The NCG decision to remove Willsman is announced by social media post; no record of a vote exists and no minutes of any previous meetings of the new NCG are available. The “#JC9” slate, a name that suggests more about loyalty to Corbyn then a commitment to party democracy, was not decided democratically so perhaps they are just being consistent! We should not accept the lack of democratic process. Solidarity supports this petition which asserts that future slates should be decided through open discussion and participation rather than backroom stitch ups. The fundamentally undemocratic nature of Momentum makes raising these demands all the more urgent.
Willsman’s apology for offence and his commitment to refer himself to equalities training is a start, but it's a long way from him, or others understanding the root of the problem. Momentum welcomes Willsman's apology but make no further comment.
The problem is rooted in a lack of common understanding of the specificities of left antisemitism. This is not generally a racialised hostility to Jews as Jews, although that can be an element. It sees Jews, or Zionism, or Zionists, or Israel as more powerful than other groups, nationalisms or states, as organised conspiratorially or with the potential to exert a hidden power. It is largely rooted in at the same time generates hostility to Israel's right to exist.
Stephen Bush in the New Statesman argues that the tension on the Labour left has the Leader's Office on one side believing this to be a discussion of how you can acceptably criticise Israel, and those on the other side who think there is a genuine problem with antisemitism (those, to be fair, include Momentum founder Jon Lansman).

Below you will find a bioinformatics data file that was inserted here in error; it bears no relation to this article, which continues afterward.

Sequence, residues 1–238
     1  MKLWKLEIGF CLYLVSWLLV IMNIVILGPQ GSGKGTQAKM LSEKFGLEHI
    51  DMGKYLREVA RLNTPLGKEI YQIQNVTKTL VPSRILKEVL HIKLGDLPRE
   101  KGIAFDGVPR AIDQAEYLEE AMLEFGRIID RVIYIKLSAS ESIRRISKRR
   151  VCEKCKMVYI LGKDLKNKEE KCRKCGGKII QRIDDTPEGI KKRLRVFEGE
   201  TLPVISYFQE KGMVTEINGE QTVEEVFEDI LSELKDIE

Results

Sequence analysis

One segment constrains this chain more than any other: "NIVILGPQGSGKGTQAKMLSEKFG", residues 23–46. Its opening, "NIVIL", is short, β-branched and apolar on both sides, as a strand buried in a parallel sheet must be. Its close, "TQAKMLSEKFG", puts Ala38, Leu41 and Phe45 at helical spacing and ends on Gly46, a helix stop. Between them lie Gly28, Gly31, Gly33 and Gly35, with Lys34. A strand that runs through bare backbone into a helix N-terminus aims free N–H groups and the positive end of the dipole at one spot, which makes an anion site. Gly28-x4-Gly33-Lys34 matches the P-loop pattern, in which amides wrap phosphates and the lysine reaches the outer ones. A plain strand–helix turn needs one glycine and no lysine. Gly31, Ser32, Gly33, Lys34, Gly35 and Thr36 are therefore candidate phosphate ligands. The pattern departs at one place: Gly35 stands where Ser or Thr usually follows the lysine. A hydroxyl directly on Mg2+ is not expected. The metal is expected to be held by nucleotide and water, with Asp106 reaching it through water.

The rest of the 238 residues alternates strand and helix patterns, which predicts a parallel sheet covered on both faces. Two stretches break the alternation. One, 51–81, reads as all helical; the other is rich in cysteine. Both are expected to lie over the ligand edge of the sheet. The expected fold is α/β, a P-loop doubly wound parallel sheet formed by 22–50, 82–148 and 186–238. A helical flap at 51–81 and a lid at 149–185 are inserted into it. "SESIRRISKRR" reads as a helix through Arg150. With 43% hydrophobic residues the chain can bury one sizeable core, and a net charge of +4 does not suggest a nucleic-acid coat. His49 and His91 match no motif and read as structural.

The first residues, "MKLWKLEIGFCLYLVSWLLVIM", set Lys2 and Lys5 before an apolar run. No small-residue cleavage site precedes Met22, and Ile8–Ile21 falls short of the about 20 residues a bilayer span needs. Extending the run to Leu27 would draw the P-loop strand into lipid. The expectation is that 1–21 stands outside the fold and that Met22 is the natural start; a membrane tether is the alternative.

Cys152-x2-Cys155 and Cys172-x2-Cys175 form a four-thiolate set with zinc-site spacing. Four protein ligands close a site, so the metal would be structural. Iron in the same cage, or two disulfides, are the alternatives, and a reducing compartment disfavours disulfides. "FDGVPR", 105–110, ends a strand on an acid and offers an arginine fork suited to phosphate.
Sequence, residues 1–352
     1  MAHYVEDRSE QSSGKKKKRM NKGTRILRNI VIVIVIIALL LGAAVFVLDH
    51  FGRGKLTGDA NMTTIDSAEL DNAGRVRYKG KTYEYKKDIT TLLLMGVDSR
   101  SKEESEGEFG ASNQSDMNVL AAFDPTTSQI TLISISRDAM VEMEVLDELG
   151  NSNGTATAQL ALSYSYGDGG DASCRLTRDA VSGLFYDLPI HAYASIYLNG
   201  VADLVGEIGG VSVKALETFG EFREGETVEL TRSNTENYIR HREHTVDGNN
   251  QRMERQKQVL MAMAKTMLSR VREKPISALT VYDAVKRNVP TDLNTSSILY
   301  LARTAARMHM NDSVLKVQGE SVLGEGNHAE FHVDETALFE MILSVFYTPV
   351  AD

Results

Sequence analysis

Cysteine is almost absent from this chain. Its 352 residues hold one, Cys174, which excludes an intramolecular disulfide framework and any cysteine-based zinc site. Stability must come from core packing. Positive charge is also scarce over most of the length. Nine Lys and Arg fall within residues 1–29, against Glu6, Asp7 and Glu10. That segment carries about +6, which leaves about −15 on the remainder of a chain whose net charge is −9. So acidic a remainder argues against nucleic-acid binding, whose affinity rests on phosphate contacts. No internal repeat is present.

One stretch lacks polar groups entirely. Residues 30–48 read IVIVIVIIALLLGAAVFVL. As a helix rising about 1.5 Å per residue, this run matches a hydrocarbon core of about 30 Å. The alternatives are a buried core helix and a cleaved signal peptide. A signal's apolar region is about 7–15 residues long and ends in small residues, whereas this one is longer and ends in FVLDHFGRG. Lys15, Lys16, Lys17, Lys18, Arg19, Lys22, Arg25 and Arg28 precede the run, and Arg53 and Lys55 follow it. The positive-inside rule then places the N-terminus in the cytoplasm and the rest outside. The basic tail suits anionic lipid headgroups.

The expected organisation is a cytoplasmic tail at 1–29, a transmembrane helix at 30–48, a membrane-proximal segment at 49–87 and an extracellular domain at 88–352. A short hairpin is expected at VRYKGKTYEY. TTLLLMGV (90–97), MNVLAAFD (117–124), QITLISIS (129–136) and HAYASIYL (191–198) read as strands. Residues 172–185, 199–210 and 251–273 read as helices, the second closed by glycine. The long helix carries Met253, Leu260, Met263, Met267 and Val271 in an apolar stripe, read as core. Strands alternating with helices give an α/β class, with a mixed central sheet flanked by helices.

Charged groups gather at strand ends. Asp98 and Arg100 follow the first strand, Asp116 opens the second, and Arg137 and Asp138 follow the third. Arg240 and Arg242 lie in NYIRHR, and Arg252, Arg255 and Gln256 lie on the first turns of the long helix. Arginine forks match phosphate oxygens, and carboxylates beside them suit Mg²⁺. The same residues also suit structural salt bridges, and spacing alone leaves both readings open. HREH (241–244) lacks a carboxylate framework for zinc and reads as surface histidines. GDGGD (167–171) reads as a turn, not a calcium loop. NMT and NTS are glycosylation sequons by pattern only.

Some Momentum supporters now believe dropping Willsman is not just a move to save face in response to bad PR, but a capitulation to “Zionism”. They argue that the media are pushing a narrative that antisemitism is a major problem in order to stop all criticism of Israel.
There is a serious need for education on this. Knee-jerk reactions to bad publicity are not good enough responses to underlying problems. The left has a problem with antisemitism — defined as above, as a particular form of political hostility which draws on ideas of conspiracy. Leaving education on this matter to one group — either Jewish Labour Movement or Jewish Voice for Labour or even the Labour Party itself — is not good enough.
This isn't about training people to behave themselves. It's essential that open argument and differing views are shared. Only then can we come to any sort of common understanding of the problem we face and how we can tackle them.
Censorship, expulsions or simple denunciation whether from Momentum’s leaders or from the Labour Party legal department will not resolve the problem.
Further reading on left antisemitism here.